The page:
IMPAC4: Chile hosts 4th International Marine Protected Areas Congress

SANTIAGO – Chile is holding the 4th International Marine Protected Areas Congress, IMPAC4, which will be held in La Serena, Coquimbo.

Thousands of delegates from 80 nations and the attendance of international personalities such as Prince Albert of Monaco will add luster to IMPAC4.

IMPAC4 will be held from September 4 through 8, 2017, in La Serena-Coquimbo, a balcony of the Pacific Ocean and with the privilege of having the nearby Pingüino de Humbolt National Reserve, rich in marine species.

Alongside Prince Albert II, it is expected the attendance of Yolanda Kakabadse, Ecuadorian President of the World Wide Fund for Nature (WWF), as well as the outstanding Blue Alliance Oceanographer Sylvia Earle.

The event is sponsored by the Chilean Ministry of Environment, headed by Marcelo Mena, and the International Union for Conservation of Nature (UCN).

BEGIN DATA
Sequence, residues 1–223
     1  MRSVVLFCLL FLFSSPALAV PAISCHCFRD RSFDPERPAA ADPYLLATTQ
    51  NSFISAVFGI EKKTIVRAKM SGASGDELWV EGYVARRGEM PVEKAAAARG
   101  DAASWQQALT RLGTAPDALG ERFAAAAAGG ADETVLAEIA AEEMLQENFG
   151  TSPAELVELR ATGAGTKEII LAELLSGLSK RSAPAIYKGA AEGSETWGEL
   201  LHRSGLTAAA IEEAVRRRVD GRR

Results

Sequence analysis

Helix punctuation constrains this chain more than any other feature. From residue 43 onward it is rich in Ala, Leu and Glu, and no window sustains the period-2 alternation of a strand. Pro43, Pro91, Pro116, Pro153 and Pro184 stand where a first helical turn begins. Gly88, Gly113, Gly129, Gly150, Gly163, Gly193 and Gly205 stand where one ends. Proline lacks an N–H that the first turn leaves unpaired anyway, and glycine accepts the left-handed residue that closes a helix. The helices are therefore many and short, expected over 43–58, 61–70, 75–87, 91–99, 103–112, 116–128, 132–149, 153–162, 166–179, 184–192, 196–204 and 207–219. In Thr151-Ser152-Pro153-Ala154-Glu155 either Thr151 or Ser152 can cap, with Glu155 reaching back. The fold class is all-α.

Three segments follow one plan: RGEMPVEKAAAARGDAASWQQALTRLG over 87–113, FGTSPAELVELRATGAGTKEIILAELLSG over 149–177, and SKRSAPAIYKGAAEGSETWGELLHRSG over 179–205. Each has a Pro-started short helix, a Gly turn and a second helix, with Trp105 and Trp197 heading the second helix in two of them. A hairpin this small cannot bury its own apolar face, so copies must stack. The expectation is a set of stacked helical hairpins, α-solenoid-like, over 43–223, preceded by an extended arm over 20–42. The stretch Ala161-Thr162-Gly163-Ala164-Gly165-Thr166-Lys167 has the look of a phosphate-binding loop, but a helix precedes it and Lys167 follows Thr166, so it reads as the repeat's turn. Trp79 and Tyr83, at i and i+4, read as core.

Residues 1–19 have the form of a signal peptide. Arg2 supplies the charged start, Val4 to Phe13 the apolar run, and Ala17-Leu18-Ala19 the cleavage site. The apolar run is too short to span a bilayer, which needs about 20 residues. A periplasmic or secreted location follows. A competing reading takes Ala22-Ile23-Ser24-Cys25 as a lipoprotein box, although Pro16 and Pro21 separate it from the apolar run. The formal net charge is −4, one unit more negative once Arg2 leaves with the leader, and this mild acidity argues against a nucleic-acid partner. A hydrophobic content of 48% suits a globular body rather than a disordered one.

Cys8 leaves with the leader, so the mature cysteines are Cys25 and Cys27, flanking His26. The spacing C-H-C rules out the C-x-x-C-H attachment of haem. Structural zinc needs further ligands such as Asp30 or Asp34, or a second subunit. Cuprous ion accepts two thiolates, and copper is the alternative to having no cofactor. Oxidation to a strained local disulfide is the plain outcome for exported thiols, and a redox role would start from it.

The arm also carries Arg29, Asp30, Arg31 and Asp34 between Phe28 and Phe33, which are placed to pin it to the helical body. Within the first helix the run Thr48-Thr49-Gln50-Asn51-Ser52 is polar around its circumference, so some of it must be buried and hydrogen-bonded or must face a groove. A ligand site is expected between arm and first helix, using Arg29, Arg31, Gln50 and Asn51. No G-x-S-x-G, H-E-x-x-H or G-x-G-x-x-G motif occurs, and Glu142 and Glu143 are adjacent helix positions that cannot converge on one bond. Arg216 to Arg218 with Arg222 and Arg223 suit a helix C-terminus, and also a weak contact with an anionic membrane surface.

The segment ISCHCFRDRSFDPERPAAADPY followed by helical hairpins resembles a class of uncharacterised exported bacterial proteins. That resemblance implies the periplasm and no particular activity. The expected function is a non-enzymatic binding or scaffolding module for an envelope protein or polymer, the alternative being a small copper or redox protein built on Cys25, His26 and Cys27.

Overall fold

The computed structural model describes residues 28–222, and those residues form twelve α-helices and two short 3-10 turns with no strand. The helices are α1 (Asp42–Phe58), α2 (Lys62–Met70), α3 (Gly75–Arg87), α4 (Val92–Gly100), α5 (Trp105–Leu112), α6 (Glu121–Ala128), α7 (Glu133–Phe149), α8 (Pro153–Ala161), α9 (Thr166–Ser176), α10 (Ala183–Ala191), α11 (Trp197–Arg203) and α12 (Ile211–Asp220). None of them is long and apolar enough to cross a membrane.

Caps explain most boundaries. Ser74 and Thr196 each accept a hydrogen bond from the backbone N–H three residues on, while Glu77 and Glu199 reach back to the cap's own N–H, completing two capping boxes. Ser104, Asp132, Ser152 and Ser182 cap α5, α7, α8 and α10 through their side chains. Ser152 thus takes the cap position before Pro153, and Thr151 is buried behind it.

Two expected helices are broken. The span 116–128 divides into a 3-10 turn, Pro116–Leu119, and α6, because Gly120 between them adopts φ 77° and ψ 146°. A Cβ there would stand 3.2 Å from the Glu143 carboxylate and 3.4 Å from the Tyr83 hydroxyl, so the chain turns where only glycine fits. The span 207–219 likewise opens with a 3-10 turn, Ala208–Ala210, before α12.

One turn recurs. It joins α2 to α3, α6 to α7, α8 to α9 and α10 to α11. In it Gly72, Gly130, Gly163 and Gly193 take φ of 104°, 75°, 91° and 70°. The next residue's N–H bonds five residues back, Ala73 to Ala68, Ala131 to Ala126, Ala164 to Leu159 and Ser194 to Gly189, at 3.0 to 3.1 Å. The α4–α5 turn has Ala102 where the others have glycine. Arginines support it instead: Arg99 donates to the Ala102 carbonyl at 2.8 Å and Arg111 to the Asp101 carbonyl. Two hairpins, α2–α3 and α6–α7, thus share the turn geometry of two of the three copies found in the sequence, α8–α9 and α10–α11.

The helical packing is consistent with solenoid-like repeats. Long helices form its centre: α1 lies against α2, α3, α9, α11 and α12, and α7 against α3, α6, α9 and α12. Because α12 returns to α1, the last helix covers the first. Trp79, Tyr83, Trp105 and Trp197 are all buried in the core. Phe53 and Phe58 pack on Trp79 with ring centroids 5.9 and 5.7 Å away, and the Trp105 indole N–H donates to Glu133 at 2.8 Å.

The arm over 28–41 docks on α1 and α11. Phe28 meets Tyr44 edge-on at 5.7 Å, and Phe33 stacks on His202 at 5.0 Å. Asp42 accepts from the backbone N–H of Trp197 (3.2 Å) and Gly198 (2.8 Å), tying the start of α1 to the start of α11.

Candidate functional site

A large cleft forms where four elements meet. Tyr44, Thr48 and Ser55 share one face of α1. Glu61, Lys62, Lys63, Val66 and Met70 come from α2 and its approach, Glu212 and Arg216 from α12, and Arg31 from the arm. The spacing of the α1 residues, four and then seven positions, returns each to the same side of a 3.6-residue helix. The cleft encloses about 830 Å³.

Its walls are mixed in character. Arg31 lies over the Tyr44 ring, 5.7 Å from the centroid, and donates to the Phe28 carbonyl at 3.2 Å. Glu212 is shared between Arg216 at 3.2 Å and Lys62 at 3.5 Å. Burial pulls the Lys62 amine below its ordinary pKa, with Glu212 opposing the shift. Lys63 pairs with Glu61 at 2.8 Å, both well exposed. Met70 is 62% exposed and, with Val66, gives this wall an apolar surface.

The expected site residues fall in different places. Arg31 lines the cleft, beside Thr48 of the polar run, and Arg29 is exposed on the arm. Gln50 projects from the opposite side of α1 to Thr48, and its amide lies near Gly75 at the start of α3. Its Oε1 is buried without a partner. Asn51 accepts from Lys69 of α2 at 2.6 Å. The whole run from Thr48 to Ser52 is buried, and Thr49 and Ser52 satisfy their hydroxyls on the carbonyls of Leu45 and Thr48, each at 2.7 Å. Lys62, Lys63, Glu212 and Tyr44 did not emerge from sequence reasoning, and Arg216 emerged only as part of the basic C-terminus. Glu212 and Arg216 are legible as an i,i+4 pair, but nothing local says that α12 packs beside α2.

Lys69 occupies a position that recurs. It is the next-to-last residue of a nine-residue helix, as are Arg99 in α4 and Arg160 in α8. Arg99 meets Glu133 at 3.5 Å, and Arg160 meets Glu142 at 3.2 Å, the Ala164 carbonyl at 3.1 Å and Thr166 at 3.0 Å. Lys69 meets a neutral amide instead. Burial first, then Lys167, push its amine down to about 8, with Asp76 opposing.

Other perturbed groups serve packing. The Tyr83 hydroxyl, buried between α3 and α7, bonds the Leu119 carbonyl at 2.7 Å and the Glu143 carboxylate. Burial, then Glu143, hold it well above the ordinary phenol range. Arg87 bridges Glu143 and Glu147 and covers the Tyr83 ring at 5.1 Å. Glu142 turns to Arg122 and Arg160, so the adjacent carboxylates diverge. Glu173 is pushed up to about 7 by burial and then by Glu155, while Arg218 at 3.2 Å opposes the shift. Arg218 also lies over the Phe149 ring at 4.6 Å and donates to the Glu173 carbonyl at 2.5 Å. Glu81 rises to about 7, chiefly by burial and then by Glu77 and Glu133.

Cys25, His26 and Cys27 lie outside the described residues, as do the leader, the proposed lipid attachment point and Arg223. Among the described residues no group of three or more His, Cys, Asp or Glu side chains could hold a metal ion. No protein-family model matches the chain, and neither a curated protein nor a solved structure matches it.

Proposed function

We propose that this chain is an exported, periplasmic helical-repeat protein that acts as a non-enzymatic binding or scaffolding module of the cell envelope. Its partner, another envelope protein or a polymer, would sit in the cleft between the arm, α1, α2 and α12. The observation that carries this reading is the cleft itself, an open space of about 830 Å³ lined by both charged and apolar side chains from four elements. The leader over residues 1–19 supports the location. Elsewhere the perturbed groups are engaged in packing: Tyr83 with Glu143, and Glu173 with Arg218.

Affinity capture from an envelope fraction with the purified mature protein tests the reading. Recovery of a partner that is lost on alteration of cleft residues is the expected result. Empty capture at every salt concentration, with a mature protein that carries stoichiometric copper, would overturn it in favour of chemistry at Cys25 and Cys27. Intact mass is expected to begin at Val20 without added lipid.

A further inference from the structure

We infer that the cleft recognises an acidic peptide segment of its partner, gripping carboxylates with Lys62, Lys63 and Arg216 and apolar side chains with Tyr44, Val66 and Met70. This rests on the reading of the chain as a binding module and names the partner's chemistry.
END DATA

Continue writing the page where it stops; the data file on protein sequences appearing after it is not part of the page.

“With this event and the legacy of both marine and ground protected areas, our nation takes the lead worldwide in preserving our oceans,” said Mena. The appointment will include visits to the Damas, Choros and Chañaral del Aceituno islands where in addition to penguins there is also a significant itinerant population of sea lions, bottlenose dolphins and the chungungo or Pacific otter (Lontra felina).

The linking between Marine Protected Areas (MPAs) and global change, the importance of close ties between communities and the preservation of oceans and biodiversity will be top priorities in IMPAC4.

Under the motto ‘Bringing the Ocean to People,’ IMPAC4 aims to weigh the ocean-human relationship and MPAs benefits, understanding that such water stretches deliver valuable ecosystem services which millions of people are depending on.

The organizers are also launching the official IMPAC4 Chile 2017 website that will provide the Marine Protected Areas (MPA) community, the basic information about the congress.

Chile is currently the world’s fifth nation with the largest marine protected area, following the recent inclusion of 13,190 square kilometers in the Juan Fernandez Archipelago and 100,000 in the area of Cabo de Hornos and Diego Ramirez Islands.